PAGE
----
When did you first become interested in memory?

I have a clear memory of exactly when I decided I wanted to be a neuroscientist. During my first year at UC Berkeley I took a freshman seminar class called “The Brain and its Potential”. It was taught by an amazing professor named Marian Diamond. She’s among the Top Five Google University downloads of all time with over a million downloads. On the first day of class I remember thinking, “She looks very impressive.” She was so engaging: striking, tall, athletic, and very beautiful. At the front of the classroom that day she had a flowered hatbox. She started talking about the brain and why she was so fascinated with it. As she told us about the brain and how it controls everything that we see and hear, she slowly and dramatically opened up that hatbox, and with her gloved hands she pulled out a preserved human brain from it. It wasn’t only the sight of the human brain which I was immediately captivated with, it was also the story of the way that she had studied the rodent brain. She asked how she could change that brain for the better; she did that by raising the rats in enriched environments with lots of other rats to play with and lots of toys. She showed that that environment actually made the outer covering of the brain grow and increase in thickness which created more synapses between the neurons, higher levels of neurotransmitters, and higher blood levels in the brain. That was just the first day of class, and I thought, “Wow, I want to do that.”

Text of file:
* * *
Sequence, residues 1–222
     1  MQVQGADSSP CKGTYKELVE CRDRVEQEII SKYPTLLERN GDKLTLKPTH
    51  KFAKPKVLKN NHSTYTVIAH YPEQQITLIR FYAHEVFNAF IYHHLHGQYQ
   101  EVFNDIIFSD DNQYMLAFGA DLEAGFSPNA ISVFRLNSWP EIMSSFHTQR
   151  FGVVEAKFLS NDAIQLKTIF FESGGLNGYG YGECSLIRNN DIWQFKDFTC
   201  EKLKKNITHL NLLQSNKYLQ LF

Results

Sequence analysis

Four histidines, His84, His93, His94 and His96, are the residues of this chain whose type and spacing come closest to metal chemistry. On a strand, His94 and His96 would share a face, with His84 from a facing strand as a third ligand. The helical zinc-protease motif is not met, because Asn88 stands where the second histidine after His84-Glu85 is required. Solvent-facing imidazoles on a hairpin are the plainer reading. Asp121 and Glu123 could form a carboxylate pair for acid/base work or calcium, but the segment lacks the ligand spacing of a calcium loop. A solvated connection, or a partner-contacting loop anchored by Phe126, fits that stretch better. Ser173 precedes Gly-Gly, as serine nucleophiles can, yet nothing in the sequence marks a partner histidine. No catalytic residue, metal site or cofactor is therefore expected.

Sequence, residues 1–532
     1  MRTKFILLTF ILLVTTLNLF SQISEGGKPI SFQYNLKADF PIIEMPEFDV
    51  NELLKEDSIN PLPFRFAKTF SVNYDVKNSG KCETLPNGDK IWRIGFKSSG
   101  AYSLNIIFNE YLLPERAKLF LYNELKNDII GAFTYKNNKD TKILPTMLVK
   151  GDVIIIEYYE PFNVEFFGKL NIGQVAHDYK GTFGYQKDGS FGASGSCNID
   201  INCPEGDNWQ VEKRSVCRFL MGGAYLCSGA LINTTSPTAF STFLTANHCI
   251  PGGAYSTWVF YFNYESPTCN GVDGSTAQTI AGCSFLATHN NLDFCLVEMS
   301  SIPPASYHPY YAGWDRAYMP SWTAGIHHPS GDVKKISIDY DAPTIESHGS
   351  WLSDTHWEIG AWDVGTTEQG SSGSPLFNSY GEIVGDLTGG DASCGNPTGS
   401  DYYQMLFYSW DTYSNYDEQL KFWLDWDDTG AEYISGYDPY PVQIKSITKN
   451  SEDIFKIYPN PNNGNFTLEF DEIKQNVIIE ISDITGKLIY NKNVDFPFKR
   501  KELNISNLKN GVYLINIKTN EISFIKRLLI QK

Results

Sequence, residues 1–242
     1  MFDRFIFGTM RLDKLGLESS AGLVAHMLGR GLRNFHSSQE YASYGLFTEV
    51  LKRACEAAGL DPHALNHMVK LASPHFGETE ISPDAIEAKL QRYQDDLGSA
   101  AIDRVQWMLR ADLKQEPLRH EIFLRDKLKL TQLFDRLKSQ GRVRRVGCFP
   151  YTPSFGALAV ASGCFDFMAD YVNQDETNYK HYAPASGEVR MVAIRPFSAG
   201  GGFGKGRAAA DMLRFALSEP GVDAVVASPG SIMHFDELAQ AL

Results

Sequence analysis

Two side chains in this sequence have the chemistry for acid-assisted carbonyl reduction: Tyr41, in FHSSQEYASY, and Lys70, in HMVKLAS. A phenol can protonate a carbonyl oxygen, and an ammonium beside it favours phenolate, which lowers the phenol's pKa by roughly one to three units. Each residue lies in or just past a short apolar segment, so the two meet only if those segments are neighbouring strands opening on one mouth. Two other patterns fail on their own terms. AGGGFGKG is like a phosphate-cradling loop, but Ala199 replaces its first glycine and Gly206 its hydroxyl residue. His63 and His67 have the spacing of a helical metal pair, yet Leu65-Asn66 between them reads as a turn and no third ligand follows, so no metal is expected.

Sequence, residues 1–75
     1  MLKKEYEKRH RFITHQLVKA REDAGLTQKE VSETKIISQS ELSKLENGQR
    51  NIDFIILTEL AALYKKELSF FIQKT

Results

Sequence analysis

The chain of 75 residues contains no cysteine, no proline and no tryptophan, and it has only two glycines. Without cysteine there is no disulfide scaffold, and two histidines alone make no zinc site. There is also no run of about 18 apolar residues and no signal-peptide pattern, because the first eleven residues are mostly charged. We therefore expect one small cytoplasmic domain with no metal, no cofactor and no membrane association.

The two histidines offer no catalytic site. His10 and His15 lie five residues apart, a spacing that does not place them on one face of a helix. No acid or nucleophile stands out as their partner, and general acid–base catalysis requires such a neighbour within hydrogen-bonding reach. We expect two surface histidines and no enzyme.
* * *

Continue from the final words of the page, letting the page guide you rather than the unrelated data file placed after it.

What qualities do you think are essential for a scientist?

Curiosity is key; intellectual energy is really important. There are so many things that you have to be good at to be a professor in academia; some you learn during your training and some you only learn when you’re thrown into the deep end, where if you’re good enough you float to the top, and if you’re not, you sink. One of those skills is grant writing. My first writing experience came when I was a first-year assistant professor and I suddenly had a drawer full of grants and nobody else to write them with. Only a few got funded, but that was the critical experience that taught me how to write. I also learned an enormous amount about writing when I wrote the book. They run on the same principles – you need to be able to tell a compelling, clear, engaging story, irrespective of whether you’re writing a grant or a science memoir. The only way to get good at that is to practice, and to have other people read it and see where they fall asleep, where they start to laugh, and where they ask you questions, and then you can tell where are good directions to go in terms of writing techniques and styles. Writing is really important. Being able to lead a group of people is also very important. I think that’s a skill that we aren’t taught particularly well as scientists. I’ve done a lot of work in leadership training, and thought leadership is another aspect of that, but that was definitely something I did on the job that I have not done optimally my whole time as a professor. It’s something I think a lot about and actively try to improve on, whatever project I’m in the process of.